• From Nobody to Nightmare: The evil ape in Boléro starts off as a confused inhabitant of the forest, who later leaves with the rest of the animals. Bitter about it, the ape starts off as a Jerkass whose purpose is to frighten the other animals during the march. However as it discovers the use of tools, it becomes more vile as it begins murdering other animals in order to take their place in the line of evolution and begins to burn animals to death with sickening delight after discovering fire and by the finale (through leaping ahead of the line by a long shot) all the animals have either perished in the emerging buildings or turned into construction machines in the construction of its new civilization, while a towering giant admires his work. The giant's face cracks to reveal the ape, grinning maliciously.
  • Gainax Ending: The finale. The animator and the cleaning woman turn into a cartoon knight and princess and fly off, leaving the Director scrambling to find an ending for the film. He calls Franceschini, an Igor-like servant, on the phone and asks him to find a suitable ending, leading to a strange parade of final scenes set to the final measures of various classical pieces. Eventually the Conductor, who was knocked through the floor after the Vivaldi piece, re-appears covered in bandages, and as he and the Director wonder how to finish the film, the view pulls back to reveal Franceschini watching them on a miniature stage... which he smashes to reveal the snake from the Firebird sequence, which bites him on the nose. Cue the words "HAPPY END" falling on them, followed by the end credits!
  • Giant Woman: In Prélude à l'après-midi d'un faune, one of the nymphs the Faun chases makes herself bigger to defend herself. In the end of the segment, the hill the Faun is standing on turns out to be a giant woman
  • Glowing Eyes of Doom: The ape at the end of Boléro. Interestingly this comes in two variations: red irises through most of the short and glowing purple pupils at the very end.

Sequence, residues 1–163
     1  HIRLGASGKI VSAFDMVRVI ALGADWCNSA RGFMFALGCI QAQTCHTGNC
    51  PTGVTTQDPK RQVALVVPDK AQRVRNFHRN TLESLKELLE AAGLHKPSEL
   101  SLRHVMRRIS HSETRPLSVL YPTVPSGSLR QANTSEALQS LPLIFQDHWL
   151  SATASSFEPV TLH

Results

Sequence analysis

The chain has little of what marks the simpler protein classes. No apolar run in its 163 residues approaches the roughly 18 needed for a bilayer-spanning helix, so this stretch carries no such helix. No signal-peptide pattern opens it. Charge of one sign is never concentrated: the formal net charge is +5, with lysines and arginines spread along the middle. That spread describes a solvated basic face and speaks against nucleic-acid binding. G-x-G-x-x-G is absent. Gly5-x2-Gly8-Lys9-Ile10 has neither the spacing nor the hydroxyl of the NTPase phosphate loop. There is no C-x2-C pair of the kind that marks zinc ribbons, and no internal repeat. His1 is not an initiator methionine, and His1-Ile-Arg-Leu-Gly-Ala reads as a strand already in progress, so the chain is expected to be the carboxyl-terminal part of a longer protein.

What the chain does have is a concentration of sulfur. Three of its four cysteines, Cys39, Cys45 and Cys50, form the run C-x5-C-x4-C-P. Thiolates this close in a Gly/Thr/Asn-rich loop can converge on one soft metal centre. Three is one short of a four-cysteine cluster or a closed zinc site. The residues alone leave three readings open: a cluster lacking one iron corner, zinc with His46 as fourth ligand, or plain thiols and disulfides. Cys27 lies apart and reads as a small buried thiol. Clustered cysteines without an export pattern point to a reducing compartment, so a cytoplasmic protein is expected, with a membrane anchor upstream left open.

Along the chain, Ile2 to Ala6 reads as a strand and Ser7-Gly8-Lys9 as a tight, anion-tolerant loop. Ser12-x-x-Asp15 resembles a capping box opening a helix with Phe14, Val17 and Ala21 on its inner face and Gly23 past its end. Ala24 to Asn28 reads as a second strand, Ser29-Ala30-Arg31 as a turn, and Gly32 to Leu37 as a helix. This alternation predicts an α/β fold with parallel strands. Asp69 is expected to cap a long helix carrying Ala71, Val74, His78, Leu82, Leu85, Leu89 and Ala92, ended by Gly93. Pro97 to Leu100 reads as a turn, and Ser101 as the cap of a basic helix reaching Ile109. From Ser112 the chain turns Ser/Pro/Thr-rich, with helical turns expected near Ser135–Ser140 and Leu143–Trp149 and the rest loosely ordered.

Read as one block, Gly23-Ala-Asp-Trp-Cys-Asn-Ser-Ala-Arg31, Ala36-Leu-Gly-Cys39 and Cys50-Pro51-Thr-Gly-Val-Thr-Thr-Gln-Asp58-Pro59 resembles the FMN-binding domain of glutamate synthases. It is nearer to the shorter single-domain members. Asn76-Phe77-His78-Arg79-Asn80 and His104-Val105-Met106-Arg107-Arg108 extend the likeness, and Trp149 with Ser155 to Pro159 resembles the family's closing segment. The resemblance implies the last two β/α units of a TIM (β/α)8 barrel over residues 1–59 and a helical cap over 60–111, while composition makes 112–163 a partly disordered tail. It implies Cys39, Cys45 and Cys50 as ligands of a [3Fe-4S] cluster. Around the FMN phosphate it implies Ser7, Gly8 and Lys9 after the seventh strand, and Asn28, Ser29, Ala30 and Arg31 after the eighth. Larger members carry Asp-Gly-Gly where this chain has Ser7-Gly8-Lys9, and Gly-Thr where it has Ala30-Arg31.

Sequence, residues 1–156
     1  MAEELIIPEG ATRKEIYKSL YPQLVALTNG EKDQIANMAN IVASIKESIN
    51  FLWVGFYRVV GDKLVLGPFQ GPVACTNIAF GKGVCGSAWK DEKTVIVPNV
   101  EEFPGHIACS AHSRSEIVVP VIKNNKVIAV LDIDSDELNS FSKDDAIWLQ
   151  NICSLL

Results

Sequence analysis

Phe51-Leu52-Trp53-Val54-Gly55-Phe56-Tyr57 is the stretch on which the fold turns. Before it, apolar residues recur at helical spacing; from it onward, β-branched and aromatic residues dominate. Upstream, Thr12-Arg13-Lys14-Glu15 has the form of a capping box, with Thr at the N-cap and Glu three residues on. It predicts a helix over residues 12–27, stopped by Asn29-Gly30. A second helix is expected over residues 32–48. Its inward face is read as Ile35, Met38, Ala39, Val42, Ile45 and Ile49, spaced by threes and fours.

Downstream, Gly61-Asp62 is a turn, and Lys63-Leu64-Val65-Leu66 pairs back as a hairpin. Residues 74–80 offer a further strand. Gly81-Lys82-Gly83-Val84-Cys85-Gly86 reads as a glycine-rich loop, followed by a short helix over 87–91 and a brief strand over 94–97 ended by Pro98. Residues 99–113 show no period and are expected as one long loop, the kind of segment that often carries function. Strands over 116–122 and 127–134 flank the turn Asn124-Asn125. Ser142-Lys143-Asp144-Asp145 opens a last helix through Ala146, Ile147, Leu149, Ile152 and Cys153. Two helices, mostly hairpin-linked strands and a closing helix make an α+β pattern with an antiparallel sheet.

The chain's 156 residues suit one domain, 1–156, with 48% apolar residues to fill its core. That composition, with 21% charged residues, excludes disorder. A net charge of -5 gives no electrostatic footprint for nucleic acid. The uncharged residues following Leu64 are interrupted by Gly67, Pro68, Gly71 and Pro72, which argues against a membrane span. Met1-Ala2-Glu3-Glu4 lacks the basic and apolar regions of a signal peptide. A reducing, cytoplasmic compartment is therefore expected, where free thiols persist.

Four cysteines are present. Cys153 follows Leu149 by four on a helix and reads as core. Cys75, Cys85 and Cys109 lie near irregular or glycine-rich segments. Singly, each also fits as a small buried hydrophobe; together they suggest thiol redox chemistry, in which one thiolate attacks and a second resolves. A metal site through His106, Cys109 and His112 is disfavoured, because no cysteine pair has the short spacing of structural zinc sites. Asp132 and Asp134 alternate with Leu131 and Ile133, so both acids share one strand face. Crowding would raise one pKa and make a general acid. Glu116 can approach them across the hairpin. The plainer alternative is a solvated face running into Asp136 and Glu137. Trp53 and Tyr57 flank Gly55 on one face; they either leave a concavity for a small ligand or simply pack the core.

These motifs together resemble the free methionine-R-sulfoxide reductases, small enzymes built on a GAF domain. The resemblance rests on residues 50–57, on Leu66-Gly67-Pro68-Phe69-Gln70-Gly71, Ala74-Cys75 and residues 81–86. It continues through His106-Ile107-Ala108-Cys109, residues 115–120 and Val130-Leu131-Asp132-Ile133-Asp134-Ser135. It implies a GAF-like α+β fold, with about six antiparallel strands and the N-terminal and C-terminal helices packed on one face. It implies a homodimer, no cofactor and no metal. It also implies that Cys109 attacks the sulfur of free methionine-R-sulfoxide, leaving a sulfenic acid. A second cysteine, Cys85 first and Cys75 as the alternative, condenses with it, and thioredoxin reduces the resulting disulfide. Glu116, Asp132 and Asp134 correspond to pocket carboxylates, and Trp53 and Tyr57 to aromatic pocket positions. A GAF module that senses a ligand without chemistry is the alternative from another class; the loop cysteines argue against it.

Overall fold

• Happy Ending: Parodied. Even though the words "HAPPY END" appear as the movie finishes, the actual conclusion of the movie feels more like a Gainax Ending.
  • Humans Are the Real Monsters: Central theme in Bolero and Concerto in C major. Slavonic Dance and Firebird also depict humanity/civilization as a bad thing.
  • It's Been Done: The director gushes about the originality of his concept. Then he gets a phone call...
  • Letting the Air out of the Band: At the end of the scene with the monkey (after Bolero), the Director stops the "party" and we get this effect.
  • Maniac Monkeys: In the second half of Boléro, a demonic ape species slowly grows in dominance and eventually kills off the rest of the species.
  • Meaningful Name: The film itself. Allegro, ma non troppo is a musical direction meaning "Fast, but not too fast." Allegro non troppo, though sometimes used as a synonym of Allegro, ma non troppo, means something closer to "Not so fast!"
  • Mooning: At the end of the Slavonic Dance, all the others do this to the main character for trying to trick them into marching off a cliff.
  • Panspermia: Spoofed on Boléro. Apparently, the primordial soup was actually Coke.
  • Parody of Evolution: The entirety of the Boléro section, although many of the animals look like fantasy creatures rather than anything that actually lived in prehistoric times. You could chalk this up as the sequence taking place on another planet if the ending didn't reveal this was on Earth All Along. Or just invoke Rule of Funny.